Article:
And yesterday, the investigating officer presented testimony that Oscar Pistorius has a home in Italy. The defense refuted that. They said Oscar Pistorius does not have a home in Italy to escape to. Today, the prosecution producing a magazine, a South African magazine where Oscar Pistorius told the reporter that he has a house in Italy.
So, obviously, the magistrate wanting to get more and more information that will equip him to make the right decision on whether to give Oscar Pistorius bail or not. The prosecution is arguing that he is a flight risk, and he should not be granted bail, Zoraida.
SAMBOLIN: So, court has adjourned for the time being. When are they expected to go back into session and will we get an answer on bail today?
MABUSE: You know, your guess is as good as mine. It seems like this magistrate wants really to be thoroughly confident of his decision, get as much information as possible. He's asking this investigating officer more questions about what evidence he was able to obtain. Why there seems to be no urgency?
He has already said from the state to obtain all of this information. You know, that would give him grounds to make a decision on bail or not. So, we're expecting that arguments will end today and we were expecting a decision today. But I don't know if that's going to happen, Zoraida.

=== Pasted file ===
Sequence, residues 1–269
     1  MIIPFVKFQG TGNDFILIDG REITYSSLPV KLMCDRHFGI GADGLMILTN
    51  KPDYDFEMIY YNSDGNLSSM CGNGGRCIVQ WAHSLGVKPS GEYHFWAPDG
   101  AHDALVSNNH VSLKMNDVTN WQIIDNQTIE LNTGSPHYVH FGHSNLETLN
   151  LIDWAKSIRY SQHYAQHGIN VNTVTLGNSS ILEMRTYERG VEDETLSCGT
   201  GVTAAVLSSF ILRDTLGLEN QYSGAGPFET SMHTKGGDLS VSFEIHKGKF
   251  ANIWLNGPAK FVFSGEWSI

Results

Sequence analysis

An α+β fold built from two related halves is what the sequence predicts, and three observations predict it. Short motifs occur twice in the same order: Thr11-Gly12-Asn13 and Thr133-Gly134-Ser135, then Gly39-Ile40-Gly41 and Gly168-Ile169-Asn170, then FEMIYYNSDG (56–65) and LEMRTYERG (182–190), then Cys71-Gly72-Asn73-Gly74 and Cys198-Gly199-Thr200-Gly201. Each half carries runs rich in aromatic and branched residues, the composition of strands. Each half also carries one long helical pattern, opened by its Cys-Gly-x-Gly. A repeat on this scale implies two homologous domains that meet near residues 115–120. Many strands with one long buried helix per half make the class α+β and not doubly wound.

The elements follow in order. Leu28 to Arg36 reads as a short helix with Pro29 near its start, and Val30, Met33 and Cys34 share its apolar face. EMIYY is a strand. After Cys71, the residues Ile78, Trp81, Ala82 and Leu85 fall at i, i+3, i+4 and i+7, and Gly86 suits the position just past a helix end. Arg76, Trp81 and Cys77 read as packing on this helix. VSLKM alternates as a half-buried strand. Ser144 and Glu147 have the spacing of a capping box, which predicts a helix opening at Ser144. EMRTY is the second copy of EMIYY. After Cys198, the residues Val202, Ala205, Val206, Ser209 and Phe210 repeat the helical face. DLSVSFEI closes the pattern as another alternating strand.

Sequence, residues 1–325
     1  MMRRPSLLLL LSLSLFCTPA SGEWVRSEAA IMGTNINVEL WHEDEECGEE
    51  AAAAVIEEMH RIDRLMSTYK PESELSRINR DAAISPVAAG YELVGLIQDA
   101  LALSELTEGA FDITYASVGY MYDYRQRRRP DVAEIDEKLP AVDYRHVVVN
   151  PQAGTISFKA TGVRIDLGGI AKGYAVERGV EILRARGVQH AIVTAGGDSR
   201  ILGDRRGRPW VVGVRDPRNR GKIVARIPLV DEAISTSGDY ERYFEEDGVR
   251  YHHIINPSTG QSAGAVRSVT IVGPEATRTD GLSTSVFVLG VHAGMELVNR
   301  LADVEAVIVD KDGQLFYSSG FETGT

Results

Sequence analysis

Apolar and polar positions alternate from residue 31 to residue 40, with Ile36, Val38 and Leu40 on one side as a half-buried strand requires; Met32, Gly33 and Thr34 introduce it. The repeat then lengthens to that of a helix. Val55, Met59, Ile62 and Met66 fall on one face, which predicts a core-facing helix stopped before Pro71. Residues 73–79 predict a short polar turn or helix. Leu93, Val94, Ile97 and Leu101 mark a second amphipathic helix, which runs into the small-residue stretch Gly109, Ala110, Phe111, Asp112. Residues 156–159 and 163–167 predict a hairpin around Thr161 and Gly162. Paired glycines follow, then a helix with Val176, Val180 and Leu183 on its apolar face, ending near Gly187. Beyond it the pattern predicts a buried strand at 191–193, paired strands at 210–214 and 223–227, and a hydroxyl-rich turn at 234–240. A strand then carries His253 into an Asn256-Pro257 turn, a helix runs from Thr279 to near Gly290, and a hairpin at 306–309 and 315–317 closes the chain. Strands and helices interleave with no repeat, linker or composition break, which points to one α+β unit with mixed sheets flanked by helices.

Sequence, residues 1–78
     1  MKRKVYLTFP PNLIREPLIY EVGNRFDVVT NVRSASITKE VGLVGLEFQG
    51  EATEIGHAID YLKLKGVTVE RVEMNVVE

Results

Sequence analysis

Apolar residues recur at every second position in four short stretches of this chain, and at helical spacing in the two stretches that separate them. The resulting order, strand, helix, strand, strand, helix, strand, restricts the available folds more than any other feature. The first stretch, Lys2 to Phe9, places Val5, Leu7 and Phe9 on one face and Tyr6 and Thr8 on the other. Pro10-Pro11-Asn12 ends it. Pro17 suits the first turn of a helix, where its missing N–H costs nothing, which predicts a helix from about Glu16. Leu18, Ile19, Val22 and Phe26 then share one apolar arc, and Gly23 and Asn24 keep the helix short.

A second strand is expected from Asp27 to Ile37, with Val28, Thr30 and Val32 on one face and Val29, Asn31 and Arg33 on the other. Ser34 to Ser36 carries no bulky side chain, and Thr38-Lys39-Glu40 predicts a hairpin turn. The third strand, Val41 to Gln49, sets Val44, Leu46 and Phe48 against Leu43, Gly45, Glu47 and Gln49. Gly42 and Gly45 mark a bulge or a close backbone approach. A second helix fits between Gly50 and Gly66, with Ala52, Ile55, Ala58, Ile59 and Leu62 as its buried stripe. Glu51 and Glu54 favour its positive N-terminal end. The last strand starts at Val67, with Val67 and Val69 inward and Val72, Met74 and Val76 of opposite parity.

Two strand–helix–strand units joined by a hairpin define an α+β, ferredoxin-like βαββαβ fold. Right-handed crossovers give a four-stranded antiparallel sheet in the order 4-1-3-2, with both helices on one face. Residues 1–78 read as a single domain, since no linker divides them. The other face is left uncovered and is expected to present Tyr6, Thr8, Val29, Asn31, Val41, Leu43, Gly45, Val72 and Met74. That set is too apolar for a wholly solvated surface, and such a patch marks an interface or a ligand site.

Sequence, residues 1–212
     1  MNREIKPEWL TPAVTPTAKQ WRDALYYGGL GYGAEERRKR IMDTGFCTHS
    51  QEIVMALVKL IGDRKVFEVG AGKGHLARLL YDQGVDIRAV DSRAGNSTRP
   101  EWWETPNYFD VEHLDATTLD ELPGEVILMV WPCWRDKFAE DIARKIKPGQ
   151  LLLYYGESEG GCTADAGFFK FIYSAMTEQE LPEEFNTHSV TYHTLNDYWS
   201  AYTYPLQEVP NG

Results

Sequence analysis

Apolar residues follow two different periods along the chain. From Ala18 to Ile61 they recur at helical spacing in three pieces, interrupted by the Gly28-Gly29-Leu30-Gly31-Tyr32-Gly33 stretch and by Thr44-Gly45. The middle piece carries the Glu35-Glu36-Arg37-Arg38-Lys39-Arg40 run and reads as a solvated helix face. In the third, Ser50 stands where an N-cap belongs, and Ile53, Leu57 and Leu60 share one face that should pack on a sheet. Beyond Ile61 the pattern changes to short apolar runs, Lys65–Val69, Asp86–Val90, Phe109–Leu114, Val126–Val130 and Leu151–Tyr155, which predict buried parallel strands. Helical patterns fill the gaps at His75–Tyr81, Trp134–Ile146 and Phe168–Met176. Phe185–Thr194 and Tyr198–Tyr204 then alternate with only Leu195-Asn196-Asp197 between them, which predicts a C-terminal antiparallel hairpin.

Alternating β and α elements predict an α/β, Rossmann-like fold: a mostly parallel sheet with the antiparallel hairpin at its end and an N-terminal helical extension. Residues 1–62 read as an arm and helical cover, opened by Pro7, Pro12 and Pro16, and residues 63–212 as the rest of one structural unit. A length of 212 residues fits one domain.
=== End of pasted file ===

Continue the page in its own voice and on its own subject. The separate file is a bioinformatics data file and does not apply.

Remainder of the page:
SAMBOLIN: Yeah, I know. This latest monkey wrench, who knows? But we're going to continue to check in with you. Nkepile Mabuse live for us. Thank you very much.
And we're hearing from Reeva Steenkamp's family this morning, they say all they want is the truth. Her cousin talked exclusively with Piers Morgan last night about the moment that she heard the news that Reeva was dead.
(BEGIN VIDEO CLIP)
KIM MARTIN, COUSIN: The last thing I expected and is still to me to this day is surreal. We turned around in this bumper to bumper traffic. We couldn't even get out. We turned around and we drove. And I just remember thinking the whole time, this is no way. This is not -- somebody is playing a joke and the radio guy is going to come on and say that this is a big joke.
(END VIDEO CLIP)
SAMBOLIN: And coming up at 6:30 Eastern, we'll break down this morning's development at the Pistorius bail hearing with CNN legal contributor, Paul Callan.
ROMANS: A big development about passengers onboard that nightmare Carnival cruise. They have filed a class action lawsuit against Carnival. The suit claims Carnival knew the cruise liner "Triumph" could have engine problems because it had similar issues before. They also maintain the unsanitary conditions on that crippled ship threatened the health of everyone onboard.
Rene Marsh joins us live from Washington with more. And it's so interesting, Rene, because when you sign that ticket, when you buy that ticket, there are all kinds of legal disclaimers that appear at least to take away your ability to file a class action suit.
RENE MARSH, CNN CORRESPONDENT: You're absolutely right, Christine, but you know what? It's not stopping this class action lawsuit. This is the 15-page class action lawsuit. They filed it yesterday. It says that all 3,000 passengers who were trapped on the ship with no power for days could be part of this suit.